NEW YORK (MainStreet) It sounds like a broken record: student loan debt is destroying the prospects for 20- and 30-somethings to enter the middle class. But it's still number one with a bullet on the nation's hit parade of insoluble problems.
Legislative attempts to deal with it on a piecemeal basis have had mixed results. Congressional lawmakers claimed victory last summer when they stopped the interest rate hike on Stafford loans, which were set to double from 3.4% to 6.8%. But the loans are tied to interest on T-bills in a spiking rate environment. By the end of the decade, 6.8% might seem cheap.
Earlier this month, three Senate Democrats introduced the Student Loan Bill of Rights, a comprehensive attempt to build protections into loans made to people who start their working lives with five-figure debt no mortgage, no car note, just student loans. Seven of ten college seniors last year the class of 2013 had close to $30,000 in student loans.
"When we voted to stop interest rates on federal student loans from doubling, we promised to address the underlying causes of skyrocketing higher education costs and the resulting unsustainable student debt in America," said Durbin in a conference call with reporters on Thursday. "Over the last six months, our group of Senators has been working together on a legislative agenda to encourage reform to help students and their families. Students should not have to sign their lives away to pay for their education."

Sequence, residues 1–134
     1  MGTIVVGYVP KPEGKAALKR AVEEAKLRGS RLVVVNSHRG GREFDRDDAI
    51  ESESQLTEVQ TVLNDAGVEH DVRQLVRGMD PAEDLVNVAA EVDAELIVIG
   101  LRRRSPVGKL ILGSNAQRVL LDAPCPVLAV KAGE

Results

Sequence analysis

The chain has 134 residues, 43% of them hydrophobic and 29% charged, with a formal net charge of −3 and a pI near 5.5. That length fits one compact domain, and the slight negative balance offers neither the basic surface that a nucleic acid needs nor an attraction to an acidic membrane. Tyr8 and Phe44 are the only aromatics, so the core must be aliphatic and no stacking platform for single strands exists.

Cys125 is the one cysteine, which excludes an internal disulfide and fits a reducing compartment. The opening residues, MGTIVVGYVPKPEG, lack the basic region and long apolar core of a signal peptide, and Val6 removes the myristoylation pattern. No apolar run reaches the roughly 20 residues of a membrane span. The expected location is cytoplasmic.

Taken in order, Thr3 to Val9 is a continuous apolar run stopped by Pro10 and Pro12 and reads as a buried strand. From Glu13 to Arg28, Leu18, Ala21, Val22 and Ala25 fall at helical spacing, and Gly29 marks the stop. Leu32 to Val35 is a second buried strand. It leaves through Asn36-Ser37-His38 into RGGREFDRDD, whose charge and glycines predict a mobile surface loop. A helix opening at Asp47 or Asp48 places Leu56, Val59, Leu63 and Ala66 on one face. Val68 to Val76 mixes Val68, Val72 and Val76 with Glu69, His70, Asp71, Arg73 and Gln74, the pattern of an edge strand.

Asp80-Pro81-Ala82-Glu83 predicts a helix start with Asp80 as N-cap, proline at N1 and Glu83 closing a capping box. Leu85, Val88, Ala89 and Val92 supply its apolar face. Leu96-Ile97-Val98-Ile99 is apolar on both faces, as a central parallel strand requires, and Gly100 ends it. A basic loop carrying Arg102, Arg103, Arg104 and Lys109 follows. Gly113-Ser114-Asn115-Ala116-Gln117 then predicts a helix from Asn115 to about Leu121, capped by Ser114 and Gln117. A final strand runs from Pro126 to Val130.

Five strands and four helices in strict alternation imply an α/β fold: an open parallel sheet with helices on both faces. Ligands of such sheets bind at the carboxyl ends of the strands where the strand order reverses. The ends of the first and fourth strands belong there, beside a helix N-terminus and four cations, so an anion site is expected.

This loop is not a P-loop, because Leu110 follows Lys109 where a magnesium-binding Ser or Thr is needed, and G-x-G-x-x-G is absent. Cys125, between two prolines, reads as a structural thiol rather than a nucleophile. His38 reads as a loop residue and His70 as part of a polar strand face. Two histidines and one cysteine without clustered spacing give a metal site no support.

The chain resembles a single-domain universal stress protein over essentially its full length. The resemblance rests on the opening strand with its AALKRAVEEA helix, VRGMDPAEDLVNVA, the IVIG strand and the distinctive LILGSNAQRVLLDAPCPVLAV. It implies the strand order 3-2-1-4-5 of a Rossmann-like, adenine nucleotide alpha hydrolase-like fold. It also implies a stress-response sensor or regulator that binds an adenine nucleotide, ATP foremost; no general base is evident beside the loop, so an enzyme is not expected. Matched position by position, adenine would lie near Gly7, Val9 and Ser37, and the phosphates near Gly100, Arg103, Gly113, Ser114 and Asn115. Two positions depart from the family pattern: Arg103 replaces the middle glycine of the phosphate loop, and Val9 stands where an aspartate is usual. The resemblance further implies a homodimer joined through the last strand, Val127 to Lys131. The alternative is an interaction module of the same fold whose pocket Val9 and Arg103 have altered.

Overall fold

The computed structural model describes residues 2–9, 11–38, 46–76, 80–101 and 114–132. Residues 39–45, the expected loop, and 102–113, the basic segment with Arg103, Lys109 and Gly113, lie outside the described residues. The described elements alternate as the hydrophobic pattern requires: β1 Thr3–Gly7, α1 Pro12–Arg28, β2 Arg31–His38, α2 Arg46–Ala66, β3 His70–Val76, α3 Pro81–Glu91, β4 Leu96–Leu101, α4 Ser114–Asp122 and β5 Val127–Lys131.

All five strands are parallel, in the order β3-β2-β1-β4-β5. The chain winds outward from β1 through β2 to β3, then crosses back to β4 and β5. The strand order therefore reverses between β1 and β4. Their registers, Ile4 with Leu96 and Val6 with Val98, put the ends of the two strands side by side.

The Protect Student Borrowers Act of 2013 is designed to help make institutions of higher learning more accountable by requiring them to assume some of the risk in student loan defaults.
Durbin, Senators Jack Reed (D-RI) and Elizabeth Warren (D-Mass.) also introduced the Partnerships for Affordability and Student Success (PASS) Act, with a focus on need-based aid and grants to institutions to improve student outcomes, borrowing from Obama college ranking playbook. States will be required to have a comprehensive plan for higher education with measurable goals for enrollment, affordability, and student outcomes.